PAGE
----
• Film & TV •
Call of the Wild
I’m not the first to see elements of Terrence Malick’s epic The Tree of Life in Beasts of the Southern Wild, the debut feature of Benh Zeitlin. Both are ambitious, dreamlike parables about the nature of existence relying on formless, wandering structures. Likewise, both films have attracted devout camps of supporters and detractors prepared to argue at length over their merits and failings. That said, there are two major distinctions between the films. First, Zeitlin’s film, based on the play Juicy and Delicious by Lucy Alibar, is far more accessible and narratively coherent than Malick’s. Moreover, while The Tree of Life obsesses over the balance between the way of Nature (harsh, passionate, male) and the way of Grace (reserved, gentle, female), Wild abandons all traces of civilisation and restraint. This is not a film about balance, but one about raw emotion and embracing nature completely.
The film takes place in an imaginary bayou nicknamed Bathtub just outside of New Orleans, separated off from the city by enormous levees and at some point doomed to flood. The people of Bathtub live a life of subsistence, living in houses cobbled together from the leftovers of industrial society and feeding themselves with whatever they can find. This is where a young girl named Hushpuppy (played by Quvenzhané Wallis in a justifiably raved-about performance) lives in a small house adjacent to that of her father Wink (Dwight Henry). Following a chaotic storm, the film follows the residents of Bathtub as they fight for survival amid the rising tides and attempt to avoid the gentrification foisted upon them by those on the other side of the levee.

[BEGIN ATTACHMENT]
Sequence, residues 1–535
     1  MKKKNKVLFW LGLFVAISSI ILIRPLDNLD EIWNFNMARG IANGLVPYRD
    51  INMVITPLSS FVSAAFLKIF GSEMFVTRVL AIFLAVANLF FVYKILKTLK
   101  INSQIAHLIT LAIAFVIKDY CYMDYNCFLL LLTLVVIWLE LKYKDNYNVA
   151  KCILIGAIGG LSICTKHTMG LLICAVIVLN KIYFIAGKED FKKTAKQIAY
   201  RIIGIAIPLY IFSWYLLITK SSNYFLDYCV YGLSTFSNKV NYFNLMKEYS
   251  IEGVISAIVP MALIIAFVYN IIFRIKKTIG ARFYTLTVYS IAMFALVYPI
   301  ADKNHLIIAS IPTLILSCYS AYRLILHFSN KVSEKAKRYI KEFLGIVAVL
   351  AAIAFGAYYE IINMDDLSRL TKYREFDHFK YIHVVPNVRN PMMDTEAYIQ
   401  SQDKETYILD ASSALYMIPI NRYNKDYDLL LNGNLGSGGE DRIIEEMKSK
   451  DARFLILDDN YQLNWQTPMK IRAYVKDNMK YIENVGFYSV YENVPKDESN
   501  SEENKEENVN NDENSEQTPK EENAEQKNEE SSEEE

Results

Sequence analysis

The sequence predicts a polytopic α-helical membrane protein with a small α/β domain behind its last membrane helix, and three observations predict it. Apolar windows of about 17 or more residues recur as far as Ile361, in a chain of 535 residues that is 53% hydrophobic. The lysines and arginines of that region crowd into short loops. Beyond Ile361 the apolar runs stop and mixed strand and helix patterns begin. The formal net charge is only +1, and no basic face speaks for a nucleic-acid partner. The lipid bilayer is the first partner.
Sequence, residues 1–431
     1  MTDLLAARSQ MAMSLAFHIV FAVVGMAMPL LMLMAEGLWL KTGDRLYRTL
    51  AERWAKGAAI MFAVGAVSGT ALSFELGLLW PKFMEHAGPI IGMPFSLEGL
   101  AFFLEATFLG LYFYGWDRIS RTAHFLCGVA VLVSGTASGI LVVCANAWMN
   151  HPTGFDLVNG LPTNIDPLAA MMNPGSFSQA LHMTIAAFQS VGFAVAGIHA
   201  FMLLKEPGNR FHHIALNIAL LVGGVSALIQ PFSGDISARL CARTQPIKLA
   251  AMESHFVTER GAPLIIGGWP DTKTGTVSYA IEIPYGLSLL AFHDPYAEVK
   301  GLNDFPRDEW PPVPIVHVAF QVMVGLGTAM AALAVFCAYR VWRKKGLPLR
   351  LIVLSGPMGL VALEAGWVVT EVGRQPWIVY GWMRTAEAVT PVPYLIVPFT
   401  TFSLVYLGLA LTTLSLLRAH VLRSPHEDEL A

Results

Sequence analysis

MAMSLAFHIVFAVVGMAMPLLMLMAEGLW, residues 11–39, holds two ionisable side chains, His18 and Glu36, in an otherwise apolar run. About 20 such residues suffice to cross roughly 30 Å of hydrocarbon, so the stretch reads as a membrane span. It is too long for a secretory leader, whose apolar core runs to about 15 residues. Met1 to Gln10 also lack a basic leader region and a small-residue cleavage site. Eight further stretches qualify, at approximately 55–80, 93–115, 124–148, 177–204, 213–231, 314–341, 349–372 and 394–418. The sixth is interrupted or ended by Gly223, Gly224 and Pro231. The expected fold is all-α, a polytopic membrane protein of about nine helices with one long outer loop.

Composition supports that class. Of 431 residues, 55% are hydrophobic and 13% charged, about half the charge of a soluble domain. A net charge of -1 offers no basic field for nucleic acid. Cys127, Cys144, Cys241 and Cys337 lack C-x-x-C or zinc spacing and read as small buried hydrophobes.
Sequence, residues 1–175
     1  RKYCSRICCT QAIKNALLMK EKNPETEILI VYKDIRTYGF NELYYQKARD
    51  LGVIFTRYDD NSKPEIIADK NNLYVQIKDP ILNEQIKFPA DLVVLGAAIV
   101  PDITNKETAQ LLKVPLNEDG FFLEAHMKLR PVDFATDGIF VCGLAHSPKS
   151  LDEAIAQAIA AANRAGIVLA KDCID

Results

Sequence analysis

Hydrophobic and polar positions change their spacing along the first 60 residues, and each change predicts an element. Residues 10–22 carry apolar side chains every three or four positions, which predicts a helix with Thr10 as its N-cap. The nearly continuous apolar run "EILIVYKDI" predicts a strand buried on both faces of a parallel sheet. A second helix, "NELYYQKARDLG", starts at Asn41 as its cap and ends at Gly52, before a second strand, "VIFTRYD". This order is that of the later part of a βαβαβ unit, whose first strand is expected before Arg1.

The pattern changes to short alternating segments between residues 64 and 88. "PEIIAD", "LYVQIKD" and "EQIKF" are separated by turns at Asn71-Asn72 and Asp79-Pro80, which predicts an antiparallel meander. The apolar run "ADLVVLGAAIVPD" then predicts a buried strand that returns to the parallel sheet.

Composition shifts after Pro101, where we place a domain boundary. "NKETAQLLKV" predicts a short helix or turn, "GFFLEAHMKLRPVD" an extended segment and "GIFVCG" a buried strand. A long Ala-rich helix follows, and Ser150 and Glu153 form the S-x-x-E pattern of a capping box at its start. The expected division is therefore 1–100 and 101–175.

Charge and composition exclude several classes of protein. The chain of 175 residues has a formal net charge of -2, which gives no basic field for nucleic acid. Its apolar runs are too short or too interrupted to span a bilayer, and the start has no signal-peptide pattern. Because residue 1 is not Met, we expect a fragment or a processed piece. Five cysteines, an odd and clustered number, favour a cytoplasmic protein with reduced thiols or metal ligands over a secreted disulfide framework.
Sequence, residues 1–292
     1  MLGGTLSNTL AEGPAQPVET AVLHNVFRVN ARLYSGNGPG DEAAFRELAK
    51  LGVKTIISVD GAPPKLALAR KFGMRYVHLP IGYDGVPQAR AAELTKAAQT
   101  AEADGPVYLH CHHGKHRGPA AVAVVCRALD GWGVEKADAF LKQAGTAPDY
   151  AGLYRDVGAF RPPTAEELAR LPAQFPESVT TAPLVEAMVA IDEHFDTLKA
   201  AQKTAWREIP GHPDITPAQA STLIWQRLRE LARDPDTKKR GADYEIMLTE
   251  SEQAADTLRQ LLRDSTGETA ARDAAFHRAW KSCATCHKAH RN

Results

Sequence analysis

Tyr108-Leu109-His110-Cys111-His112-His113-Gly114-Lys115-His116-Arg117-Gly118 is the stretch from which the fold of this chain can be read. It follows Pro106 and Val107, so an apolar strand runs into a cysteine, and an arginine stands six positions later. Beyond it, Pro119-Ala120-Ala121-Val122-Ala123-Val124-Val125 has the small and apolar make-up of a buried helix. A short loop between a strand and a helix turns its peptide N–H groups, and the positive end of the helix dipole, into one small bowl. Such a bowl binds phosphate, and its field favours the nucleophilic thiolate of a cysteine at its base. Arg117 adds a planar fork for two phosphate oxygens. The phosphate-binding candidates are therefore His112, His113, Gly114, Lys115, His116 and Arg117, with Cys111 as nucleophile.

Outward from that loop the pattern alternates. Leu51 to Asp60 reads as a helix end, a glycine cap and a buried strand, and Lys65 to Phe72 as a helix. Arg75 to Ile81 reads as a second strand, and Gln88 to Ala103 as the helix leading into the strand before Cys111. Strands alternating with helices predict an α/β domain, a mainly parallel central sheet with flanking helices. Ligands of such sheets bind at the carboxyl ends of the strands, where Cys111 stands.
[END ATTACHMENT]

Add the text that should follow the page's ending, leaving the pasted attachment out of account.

The plot, however, really feels like a distraction from the film’s main purpose.The story of Hushpuppy’s journey is enjoyable, but the film is at is best when it focuses on the virtues of Bathtub, where man exists in harmony with nature and where every day ends with a carnival of drunk excess. In Bathtub humanity embraces its place in the universe as a beast, realising its place as a cohesive part of the world. This position is encapsulated by Wink, a lightning bolt of energy who bursts and rages across the screen. The untrained Henry portrays Wink as a torrent of emotion, oscillating between rage and tenderness as well as pride and vulnerability. While all these sides never quite cohere into one fully formed character, Henry’s commitment to each one creates a volatile, powerful performance which dominates the screen. While the film is always aware of Wink’s character flaws, through his infectious spirit and his bond with the other residents of Bathtub it more than captures how the beast-life he represents is thrilling, honest and joyful.
The film’s two standout scenes mirror Wink’s effervescent energy. The opening carnival scene is a glorious cacophony of sound and vision that leaps off the screen, aided by Zeitlin and Dan Romer’s excellent score. Likewise, a drunken flashback to the first meeting of Wink and Hushpuppy’s mother is a mesmeric, woozy cocktail of sex and death. Both scenes leave the viewer totally absorbed in the film’s lust for life. Beasts of the Southern Wild is by no means perfect—it suffers from overbearing narration, clunky visual metaphors and a rather formless lull in its second half—but it is one of the year’s most special and memorable efforts. At its best it is a seductive, compulsive and inspiring call of the wild.
James Searle is reading for an MPhil in Political Science at St Anne’s College, Oxford.